Despite our prosperity, the latest ACOSS Poverty in Australia report (2016) found that 731,000 or 17 per cent of children under the age of 15 are living in poverty. This figure has increased by 2 per cent over 10 years.
Single parent families locked out of paid work are at particularly high risk of poverty, and 40 per cent of all children in poverty in Australia live in single-parent households. Alleviating poverty has a positive impact on everybody, as unmet needs, exclusion and limited opportunities that come from growing up in poverty, can have a powerful negative impact on children that continues into adulthood.
Children and young people living in deprived circumstances are more likely to become disengaged from education due to problems like hunger, shame and fear of being excluded or marginalized. This has flow-on effects for children’s development, educational outcomes, and eventually employment opportunities. Evidence shows that reducing poverty leads to better health, education and employment outcomes for children. We can and we must demand better oppertunitys for our children.
There is deep concern about the increasing number of children living their formative years in poverty. This is in stark contrast to progress made in previous decades when the share of children living below the poverty line fell from 14 per cent in 1983 to 8 per cent in 1990.
These statistics show we’ve been moving backwards – not forwards - since those immortal words spoken by former Prime Minister Bob Hawke - that no child will live in poverty.
This year marks 30 years since former Prime Minister Bob Hawke made the commitment that “by 1990, no child will be living in poverty’’.
At the time, this statement was criticised as being too ambitious, but reforms introduced by the Hawke Government helped to reduce child poverty by 30 per cent. These statistics show that since then we’ve been moving backwards – not forwards
The key reforms made by the Hawke Government included:
• A new supplement for low-income families to help meet the cost of living
• Increasing existing family payments to reflect the cost of raising children
• Linking family payments to wage growth, to keep pace with the cost of living and community living standards
• Providing rent assistance to help families and others on low incomes to cover the rent
From 1987, spending on family payments grew, and because payment rates were increased, steps were taken to ensure families accessed entitlements. The core principle was that family payments should at least cover the basic costs of looking after children for families with low paying jobs, or lacking employment altogether. Broader policies targeting parents and children were also implemented, including encouraging carer-friendly workplaces, expanding childcare and improving fee relief, and a new program offering career counselling, education and training for sole parents.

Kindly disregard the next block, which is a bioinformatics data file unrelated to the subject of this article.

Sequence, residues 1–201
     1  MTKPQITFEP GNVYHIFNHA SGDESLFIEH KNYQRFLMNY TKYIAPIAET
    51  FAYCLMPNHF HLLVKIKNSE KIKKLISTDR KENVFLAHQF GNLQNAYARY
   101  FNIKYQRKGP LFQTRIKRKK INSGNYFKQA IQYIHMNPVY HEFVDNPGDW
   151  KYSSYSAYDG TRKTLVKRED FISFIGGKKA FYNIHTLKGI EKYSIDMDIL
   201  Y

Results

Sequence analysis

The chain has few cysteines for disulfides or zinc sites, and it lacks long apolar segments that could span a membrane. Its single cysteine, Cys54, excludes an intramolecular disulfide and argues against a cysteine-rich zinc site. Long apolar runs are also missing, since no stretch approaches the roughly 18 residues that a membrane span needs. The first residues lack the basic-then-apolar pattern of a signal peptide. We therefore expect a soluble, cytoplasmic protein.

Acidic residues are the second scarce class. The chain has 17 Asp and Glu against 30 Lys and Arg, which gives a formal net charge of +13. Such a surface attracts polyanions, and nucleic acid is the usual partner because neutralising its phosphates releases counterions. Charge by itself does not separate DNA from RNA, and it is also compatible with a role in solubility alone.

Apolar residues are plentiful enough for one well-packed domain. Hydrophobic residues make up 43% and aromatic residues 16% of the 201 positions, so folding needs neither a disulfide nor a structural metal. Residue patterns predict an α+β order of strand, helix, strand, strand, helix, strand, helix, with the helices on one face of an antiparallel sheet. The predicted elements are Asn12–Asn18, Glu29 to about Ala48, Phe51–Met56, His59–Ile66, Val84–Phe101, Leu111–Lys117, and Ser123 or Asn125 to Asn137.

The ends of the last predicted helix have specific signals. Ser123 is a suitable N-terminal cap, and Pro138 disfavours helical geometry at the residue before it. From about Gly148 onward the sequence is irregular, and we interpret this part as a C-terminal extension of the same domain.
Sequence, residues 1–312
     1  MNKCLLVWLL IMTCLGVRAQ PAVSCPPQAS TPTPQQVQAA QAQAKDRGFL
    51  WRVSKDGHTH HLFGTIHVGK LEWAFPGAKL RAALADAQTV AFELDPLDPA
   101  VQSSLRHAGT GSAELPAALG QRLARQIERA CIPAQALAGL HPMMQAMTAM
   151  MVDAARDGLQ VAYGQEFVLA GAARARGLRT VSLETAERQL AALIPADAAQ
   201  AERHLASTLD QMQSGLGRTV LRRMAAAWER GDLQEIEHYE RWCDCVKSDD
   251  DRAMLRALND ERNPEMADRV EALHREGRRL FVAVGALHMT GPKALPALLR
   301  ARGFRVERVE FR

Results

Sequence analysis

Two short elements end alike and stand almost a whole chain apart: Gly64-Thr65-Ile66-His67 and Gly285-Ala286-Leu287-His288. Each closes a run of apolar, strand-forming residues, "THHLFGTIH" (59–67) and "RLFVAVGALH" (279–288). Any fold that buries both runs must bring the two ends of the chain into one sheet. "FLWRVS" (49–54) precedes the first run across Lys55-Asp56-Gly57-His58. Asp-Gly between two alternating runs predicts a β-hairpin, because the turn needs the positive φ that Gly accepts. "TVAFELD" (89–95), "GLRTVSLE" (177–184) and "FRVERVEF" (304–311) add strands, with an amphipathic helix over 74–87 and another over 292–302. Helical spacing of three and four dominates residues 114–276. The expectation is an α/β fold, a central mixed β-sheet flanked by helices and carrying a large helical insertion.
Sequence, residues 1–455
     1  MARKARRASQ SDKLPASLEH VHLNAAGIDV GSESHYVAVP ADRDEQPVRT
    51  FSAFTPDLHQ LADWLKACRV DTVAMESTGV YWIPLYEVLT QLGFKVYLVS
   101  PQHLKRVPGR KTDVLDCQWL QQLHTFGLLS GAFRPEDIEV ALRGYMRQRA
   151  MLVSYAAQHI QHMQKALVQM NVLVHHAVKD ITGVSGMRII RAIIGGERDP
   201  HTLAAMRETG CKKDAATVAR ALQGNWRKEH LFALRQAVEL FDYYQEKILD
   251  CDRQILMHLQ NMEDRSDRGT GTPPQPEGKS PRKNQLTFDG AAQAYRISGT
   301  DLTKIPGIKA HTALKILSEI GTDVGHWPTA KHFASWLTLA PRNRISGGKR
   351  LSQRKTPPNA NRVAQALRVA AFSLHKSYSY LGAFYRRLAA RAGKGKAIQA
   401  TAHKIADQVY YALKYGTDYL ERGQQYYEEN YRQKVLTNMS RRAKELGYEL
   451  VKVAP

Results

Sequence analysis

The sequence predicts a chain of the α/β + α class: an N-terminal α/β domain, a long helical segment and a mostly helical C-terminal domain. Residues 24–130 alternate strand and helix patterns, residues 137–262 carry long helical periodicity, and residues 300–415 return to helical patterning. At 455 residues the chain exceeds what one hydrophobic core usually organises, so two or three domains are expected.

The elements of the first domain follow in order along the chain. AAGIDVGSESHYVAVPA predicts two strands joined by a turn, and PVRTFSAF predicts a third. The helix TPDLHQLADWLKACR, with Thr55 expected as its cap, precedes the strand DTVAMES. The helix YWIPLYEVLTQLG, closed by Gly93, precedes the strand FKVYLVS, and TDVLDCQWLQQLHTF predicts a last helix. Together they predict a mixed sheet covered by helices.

Thirty years since these bold reforms, child poverty is back on the rise. Today, many Australian children experience severe hardship. There are parents and children who are forced to skip meals, children miss sporting and school activities. They do without heaters, fridges and phones. Families are evicted from their accommodation and forced into homelessness.
Social security payments for families and particularly single-parent families has been slashed in recent years, with cuts included in almost every federal budget since the 2008 Global Financial Crisis. The reduction in social security spending combined with low and stagnant wages, insecure work and the high cost of living has pushed many parents and their children back into poverty.
The Benevolent Society supports the calls by ACOSS for the government to take swift and determined action to reduce child poverty. The federal government can do this by:
1. Committing to reducing poverty by at least 50% by 2030, in line with the UN Sustainable Development Goals
2. Increasing Newstart Allowance, including for single parents
3. Establishing a single parent supplement that increases as children grow older and they cost more to support
4. Indexing working age and family payments to wage movements as well as prices
5. Improving employment and training programs for single parents, including career counselling and vocational training
6. Guaranteeing secure affordable housing, including working with state and territory governments to abolish no-cause evictions
7. Restoring two days of weekly subsidised childcare available to parents not in paid employment.
Australia’s child poverty trend is heading in the wrong direction. We must reverse this trend.
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